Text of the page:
A recent field survey conducted by both Orders of Engineers and Architects in Beirut and Tripoli reached the alarming conclusion that a significant number of cultural buildings in Beirut are on the verge of collapse.
The survey, performed in coordination with the Municipality of Beirut, the Lebanese Army, and the Directorate General of Antiquities, covered an area of nearly 3 square kilometers that included the Port of Beirut and neighboring areas.
It revealed that out of 2,509 surveyed buildings, 323 are at risk of complete or partial collapse as a result of the Beirut Port explosion, and 254 are at risk of their non-structural components (for example, balconies) falling apart.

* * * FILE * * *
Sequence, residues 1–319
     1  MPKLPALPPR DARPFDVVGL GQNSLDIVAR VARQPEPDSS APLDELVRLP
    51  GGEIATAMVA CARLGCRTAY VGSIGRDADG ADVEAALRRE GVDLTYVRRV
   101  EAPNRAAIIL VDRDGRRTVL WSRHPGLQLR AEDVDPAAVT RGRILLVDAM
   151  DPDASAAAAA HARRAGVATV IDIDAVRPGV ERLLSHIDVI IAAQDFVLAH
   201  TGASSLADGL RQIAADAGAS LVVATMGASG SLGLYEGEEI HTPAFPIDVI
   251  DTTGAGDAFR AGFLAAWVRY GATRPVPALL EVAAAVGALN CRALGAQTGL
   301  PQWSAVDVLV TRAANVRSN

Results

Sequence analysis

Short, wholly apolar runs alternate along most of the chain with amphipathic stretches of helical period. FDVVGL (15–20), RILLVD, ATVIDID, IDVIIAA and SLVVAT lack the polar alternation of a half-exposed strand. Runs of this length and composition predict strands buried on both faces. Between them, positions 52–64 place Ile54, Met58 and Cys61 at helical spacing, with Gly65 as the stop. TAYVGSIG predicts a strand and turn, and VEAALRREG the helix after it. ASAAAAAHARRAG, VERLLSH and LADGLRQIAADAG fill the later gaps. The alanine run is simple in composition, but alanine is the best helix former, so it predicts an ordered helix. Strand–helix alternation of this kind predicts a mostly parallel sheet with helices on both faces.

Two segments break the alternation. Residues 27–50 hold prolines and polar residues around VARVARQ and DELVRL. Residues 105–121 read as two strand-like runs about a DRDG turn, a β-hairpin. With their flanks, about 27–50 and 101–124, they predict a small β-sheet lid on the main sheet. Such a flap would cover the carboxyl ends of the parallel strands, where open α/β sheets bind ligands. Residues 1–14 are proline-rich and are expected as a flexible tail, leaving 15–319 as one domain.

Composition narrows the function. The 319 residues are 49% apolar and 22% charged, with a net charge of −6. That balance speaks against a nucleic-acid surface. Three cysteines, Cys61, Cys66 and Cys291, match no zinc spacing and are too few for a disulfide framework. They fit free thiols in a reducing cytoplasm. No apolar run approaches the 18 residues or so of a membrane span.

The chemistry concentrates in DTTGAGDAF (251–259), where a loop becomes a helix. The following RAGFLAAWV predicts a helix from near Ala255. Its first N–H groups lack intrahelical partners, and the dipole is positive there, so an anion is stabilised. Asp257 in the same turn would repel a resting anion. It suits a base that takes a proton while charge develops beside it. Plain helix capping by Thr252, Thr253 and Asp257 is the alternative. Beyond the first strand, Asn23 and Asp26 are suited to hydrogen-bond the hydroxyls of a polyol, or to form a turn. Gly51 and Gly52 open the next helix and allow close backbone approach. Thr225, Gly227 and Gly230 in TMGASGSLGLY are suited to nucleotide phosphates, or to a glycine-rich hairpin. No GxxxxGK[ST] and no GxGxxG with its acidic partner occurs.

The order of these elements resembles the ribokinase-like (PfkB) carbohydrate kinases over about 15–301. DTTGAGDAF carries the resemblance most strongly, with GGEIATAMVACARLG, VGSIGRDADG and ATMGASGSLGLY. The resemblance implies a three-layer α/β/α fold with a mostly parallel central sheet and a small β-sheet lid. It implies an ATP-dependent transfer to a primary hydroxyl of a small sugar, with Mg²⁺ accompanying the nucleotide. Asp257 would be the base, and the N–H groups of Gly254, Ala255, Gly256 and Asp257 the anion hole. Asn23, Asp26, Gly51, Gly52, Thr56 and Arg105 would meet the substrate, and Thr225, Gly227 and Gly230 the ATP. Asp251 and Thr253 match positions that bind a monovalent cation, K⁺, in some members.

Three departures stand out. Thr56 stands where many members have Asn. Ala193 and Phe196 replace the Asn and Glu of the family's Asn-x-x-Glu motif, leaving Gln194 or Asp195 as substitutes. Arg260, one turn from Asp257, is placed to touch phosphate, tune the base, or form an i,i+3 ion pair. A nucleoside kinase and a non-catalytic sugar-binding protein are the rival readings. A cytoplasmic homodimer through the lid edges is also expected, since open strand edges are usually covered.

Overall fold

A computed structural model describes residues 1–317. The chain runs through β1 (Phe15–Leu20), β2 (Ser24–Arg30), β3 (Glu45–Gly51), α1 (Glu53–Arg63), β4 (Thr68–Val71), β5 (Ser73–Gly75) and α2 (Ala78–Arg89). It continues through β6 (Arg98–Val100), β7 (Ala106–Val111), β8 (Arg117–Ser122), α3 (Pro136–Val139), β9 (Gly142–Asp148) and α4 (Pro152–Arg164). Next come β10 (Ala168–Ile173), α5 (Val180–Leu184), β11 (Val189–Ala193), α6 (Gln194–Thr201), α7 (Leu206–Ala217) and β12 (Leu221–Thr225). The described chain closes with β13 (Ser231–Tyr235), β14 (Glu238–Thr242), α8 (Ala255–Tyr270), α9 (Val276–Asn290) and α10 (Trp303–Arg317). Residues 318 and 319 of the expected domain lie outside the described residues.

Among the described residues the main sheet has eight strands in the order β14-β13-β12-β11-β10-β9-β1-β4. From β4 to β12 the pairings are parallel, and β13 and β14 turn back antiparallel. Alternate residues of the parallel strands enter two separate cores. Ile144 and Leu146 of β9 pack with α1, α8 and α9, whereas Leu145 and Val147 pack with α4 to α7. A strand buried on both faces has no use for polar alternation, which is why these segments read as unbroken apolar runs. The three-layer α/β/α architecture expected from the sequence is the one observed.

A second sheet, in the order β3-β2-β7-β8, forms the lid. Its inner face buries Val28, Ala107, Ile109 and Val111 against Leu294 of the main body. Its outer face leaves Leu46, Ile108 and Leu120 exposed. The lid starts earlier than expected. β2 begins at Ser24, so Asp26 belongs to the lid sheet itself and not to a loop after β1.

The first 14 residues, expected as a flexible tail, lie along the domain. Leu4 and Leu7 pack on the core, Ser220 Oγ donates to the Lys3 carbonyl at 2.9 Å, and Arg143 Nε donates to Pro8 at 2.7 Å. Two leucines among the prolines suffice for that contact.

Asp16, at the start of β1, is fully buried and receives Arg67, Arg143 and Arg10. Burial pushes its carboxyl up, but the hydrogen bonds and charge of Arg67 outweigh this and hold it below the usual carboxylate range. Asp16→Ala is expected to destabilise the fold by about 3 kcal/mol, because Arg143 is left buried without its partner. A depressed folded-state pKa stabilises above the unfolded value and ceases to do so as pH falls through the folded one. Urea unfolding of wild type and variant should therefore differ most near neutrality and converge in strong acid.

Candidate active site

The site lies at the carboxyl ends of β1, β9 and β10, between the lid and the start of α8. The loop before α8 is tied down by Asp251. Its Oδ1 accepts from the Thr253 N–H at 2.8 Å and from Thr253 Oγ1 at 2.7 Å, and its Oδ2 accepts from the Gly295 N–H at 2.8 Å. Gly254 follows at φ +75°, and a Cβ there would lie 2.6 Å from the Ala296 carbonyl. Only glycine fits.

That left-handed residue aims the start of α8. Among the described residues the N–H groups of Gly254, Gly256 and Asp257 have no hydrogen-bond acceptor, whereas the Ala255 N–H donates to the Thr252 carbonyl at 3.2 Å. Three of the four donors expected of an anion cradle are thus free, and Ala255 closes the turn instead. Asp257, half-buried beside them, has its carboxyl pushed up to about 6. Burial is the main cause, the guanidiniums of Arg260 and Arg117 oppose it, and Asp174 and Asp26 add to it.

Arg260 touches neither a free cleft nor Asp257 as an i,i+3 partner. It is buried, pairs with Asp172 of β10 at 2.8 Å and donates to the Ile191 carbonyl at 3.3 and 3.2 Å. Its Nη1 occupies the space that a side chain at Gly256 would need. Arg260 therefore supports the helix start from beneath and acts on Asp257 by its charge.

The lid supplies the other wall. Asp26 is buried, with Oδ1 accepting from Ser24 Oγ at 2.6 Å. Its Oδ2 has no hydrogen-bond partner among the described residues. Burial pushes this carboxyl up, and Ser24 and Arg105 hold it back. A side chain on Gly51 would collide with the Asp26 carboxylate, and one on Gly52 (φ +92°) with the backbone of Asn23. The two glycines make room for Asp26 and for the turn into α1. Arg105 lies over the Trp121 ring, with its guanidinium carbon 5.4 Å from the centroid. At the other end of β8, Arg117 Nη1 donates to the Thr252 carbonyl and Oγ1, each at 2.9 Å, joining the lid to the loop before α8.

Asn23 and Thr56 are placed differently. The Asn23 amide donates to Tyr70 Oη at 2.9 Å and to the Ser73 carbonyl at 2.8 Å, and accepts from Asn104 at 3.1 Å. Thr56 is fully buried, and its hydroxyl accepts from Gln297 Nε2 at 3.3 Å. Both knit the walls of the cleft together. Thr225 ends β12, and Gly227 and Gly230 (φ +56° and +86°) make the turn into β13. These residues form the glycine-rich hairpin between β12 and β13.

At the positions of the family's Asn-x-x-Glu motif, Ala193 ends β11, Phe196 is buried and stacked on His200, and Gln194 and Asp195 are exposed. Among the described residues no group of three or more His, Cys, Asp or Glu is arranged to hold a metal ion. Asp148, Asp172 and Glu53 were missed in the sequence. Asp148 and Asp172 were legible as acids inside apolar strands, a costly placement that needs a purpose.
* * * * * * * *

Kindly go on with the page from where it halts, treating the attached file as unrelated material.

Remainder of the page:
Additionally, it uncovered 543 with damage in some of their components (broken glass, for instance), that need to be treated.
362 heritage buildings that date as far back as the 19th century and hold significant cultural and historical value are located in the area most affected by the blast. Out of those, 92 buildings (25.4%) were damaged and face medium to high risks of collapse.
The majority of those buildings are constructed of sandstone walls, brick floors, wooden roofs, and other weaker materials that made them more vulnerable in the face of the blast, unlike buildings of reinforced concrete, which sustained less damage, on average.